Effect of Endurance and Endurance-Strength Training on Inflammatory Markers in Women With Abdominal Obesity (ENDOFIT)


Poznan University of Medical Sciences (PUMS)






Behavioral: Endurance-strength training
Behavioral: Endurance training

Study type


Funder types



1077/12 753/13;

Details and patient eligibility


The aim of this study was to compare the effects of three months' endurance training and three months' endurance-strength training on inflammatory markers in women with abdominal obesity.

Full description

Study patients. Written informed consent was obtained from all subjects. The study meets the standards of the Declaration of Helsinki in its revised version of 1975 and its amendments of 1983, 1989, and 1996. Study design. The study was designed as a prospective randomized trial. Subjects were randomly divided into two groups, A and B, using a randomization list. Both groups performed three month of physical training. Group A underwent endurance training, while group B performed endurance-strength training. Aside from the training, all subjects were instructed to maintain the physical activity and diet that they had been practicing so far. At baseline and after three months of physical training, blood samples for laboratory analyses were taken, anthropometric measurements were performed for both groups. Intervention. The exercise program lasted three months, with three sessions per week. Women in both groups participated in a total of 36 training sessions. The women in group A underwent endurance exercise on cycle ergometers (Schwinn Evolution, Schwinn Bicycle Company, Boulder, Colorado, USA). Exercise sessions consisted of a five-minute warm-up (stretching exercise) at low intensity (50%-60% of maximum heart rate), a 45-minute exercise (at 50%-80% of maximum heart rate), five minutes of cycling without a load, and five minutes of closing stretching and breathing exercise of low intensity. Group B performed endurance-strength exercise consisting of a five-minute warm-up (stretching exercises) of low intensity (50%-60% of maximum heart rate), a strength component, an endurance component, 5 minutes cycling without a load, and a 5 minutes closing stretching and breathing exercise of low intensity. The 20-minute-long strength component was performed using a neck barbell and a gymnastic ball. Directly after the strength exercise, the women took part in a 25-minute endurance exercise on cycle ergometers (Schwinn Evolution, Schwinn Bicycle Company, Boulder, Colorado, USA) at 50%-80% of maximum heart rate. Both the endurance and endurance-strength training were comparable in exercise volume; the only difference was the nature of the effort.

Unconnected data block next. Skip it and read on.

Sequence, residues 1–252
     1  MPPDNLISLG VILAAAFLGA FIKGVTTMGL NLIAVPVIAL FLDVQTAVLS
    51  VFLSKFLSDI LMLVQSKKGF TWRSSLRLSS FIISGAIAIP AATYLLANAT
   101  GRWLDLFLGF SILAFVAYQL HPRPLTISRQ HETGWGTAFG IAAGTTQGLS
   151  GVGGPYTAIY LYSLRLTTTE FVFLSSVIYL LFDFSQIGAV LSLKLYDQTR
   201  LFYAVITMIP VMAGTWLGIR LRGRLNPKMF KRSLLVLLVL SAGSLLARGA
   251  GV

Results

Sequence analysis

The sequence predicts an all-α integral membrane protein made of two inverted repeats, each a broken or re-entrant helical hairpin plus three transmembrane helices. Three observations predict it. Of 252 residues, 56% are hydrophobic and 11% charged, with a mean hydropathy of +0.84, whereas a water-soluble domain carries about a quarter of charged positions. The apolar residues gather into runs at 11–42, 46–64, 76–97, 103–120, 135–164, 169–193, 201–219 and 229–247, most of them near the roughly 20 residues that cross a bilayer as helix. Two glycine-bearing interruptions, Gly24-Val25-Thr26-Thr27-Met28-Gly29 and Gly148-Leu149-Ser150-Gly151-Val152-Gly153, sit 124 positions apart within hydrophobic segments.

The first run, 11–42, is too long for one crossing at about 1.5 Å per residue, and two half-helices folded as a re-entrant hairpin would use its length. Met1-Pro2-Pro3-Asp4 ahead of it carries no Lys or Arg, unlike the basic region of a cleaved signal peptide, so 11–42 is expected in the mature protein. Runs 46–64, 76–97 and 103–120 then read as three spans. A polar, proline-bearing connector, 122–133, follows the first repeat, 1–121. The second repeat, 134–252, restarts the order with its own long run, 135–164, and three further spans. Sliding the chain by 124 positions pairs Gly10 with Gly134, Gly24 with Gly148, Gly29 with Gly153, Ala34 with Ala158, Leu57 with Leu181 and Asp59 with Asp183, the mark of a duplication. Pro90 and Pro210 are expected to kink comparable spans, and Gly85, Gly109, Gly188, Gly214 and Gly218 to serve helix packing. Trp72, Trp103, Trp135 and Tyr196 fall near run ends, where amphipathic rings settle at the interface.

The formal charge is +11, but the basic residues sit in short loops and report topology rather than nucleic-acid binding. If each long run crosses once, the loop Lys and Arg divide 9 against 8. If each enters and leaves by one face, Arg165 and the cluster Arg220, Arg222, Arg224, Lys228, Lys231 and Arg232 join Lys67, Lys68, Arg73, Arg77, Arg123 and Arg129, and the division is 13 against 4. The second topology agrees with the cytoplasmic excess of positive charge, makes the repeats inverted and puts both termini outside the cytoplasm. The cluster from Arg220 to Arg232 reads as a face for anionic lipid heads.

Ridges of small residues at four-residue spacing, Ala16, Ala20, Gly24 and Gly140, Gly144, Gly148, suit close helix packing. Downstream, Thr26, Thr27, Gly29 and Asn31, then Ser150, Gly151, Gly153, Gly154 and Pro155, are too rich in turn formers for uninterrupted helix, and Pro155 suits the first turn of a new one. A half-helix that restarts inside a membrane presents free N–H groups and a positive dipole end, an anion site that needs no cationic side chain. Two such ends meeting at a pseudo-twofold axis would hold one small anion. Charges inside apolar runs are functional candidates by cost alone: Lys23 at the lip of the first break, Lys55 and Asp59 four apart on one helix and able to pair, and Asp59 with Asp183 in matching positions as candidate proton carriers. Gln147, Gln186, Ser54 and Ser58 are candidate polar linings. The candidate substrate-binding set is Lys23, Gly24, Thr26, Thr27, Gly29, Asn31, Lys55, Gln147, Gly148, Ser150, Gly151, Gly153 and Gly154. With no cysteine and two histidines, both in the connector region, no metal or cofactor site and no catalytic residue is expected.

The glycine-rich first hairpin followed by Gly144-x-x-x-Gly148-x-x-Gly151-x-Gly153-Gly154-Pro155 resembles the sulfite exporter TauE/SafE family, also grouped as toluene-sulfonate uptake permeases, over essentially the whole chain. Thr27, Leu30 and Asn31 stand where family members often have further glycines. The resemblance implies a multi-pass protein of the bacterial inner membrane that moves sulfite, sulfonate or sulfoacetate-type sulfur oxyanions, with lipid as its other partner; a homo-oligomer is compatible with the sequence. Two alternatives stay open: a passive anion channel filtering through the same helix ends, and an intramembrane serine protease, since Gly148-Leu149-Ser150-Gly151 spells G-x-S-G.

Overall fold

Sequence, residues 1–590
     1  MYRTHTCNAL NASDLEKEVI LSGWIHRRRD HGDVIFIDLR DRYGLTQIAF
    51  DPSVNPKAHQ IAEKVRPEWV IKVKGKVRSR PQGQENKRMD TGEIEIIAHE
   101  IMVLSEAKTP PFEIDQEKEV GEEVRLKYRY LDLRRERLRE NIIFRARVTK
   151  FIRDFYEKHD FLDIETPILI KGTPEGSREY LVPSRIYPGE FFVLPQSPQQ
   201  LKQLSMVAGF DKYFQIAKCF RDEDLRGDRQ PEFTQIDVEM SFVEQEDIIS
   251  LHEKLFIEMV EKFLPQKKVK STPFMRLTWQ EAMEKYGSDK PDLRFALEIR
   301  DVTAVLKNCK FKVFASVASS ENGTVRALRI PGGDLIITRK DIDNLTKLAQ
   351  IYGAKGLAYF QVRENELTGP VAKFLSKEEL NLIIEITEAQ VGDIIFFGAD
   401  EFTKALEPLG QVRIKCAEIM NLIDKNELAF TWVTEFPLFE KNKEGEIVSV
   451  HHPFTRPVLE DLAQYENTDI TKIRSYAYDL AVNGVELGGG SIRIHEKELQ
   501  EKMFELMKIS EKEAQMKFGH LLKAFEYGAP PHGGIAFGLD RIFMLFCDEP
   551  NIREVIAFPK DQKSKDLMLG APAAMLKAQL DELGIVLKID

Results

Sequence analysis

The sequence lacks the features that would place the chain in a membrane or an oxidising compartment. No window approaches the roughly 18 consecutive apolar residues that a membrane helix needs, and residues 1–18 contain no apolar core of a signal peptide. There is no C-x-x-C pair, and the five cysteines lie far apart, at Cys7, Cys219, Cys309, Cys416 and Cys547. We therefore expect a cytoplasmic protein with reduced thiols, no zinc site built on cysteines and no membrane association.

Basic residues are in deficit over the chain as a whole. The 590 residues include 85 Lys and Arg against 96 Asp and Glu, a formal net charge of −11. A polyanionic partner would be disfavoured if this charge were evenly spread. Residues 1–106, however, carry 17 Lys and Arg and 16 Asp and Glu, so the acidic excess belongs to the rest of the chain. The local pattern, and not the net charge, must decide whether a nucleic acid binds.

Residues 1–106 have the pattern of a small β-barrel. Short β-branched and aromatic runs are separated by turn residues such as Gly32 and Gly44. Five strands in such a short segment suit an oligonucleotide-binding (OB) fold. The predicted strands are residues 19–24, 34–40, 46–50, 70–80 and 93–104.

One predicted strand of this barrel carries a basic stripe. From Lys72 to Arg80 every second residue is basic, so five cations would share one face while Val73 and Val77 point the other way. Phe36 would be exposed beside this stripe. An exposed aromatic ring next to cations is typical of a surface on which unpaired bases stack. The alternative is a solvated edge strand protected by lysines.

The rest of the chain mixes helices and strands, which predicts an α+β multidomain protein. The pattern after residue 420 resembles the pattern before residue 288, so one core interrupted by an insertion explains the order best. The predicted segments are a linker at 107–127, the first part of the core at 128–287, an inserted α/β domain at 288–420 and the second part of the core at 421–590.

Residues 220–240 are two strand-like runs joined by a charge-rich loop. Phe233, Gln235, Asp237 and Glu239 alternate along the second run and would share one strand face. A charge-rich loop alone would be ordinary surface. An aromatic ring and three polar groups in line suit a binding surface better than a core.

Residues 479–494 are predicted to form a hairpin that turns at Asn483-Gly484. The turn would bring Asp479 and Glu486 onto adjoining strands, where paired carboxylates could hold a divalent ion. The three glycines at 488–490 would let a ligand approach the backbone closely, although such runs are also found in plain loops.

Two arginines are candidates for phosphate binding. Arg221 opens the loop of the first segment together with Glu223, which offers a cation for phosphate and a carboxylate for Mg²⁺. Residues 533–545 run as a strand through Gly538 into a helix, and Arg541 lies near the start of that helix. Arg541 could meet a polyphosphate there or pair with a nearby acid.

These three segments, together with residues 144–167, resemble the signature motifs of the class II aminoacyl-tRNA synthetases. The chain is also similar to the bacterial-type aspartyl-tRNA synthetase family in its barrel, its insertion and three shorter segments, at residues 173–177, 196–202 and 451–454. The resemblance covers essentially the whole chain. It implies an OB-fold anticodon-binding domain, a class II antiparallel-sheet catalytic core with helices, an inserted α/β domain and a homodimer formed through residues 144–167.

38 patients




18 to 65 years old


Accepts Healthy Volunteers

Inclusion criteria

  • informed written consent;
  • simple obesity;
  • age from 18 to 65 years;
  • body fat content, assessed by electrical bioimpedance, equal to or more than 33%;
  • waist circumference more than 80 cm;
  • stable body weight in the one month prior to the trial.

Exclusion criteria

  • secondary form of excess body mass
  • secondary form of arterial hypertension
  • mean systolic blood pressure > 140 mmHg and/or mean diastolic blood pressure > 90 mmHg;
  • diabetes;
  • ischemic heart disease;
  • stroke;
  • heart failure;
  • history of malignancy;
  • clinically significant heart arrhythmias;
  • a history of use of any dietary supplement;
  • serious liver or kidney damage;
  • abnormal thyroid gland function;
  • clinically significant inflammation, connective tissue disease, or arthritis;
  • nicotine, alcohol, or narcotic abuse;
  • infection;
  • pregnancy, childbirth, or lactation;
  • any other condition that would make participation not in the best interest of the subject, or could prevent the efficacy of the study.

Trial design

Primary purpose

Basic Science



Interventional model

Parallel Assignment


None (Open label)

38 participants in 2 patient groups

Group A
Experimental group
Endurance training
Behavioral: Endurance training
Group B
Experimental group
Endurance-strength training
Behavioral: Endurance-strength training

Trial contacts and locations



Data sourced from clinicaltrials.gov

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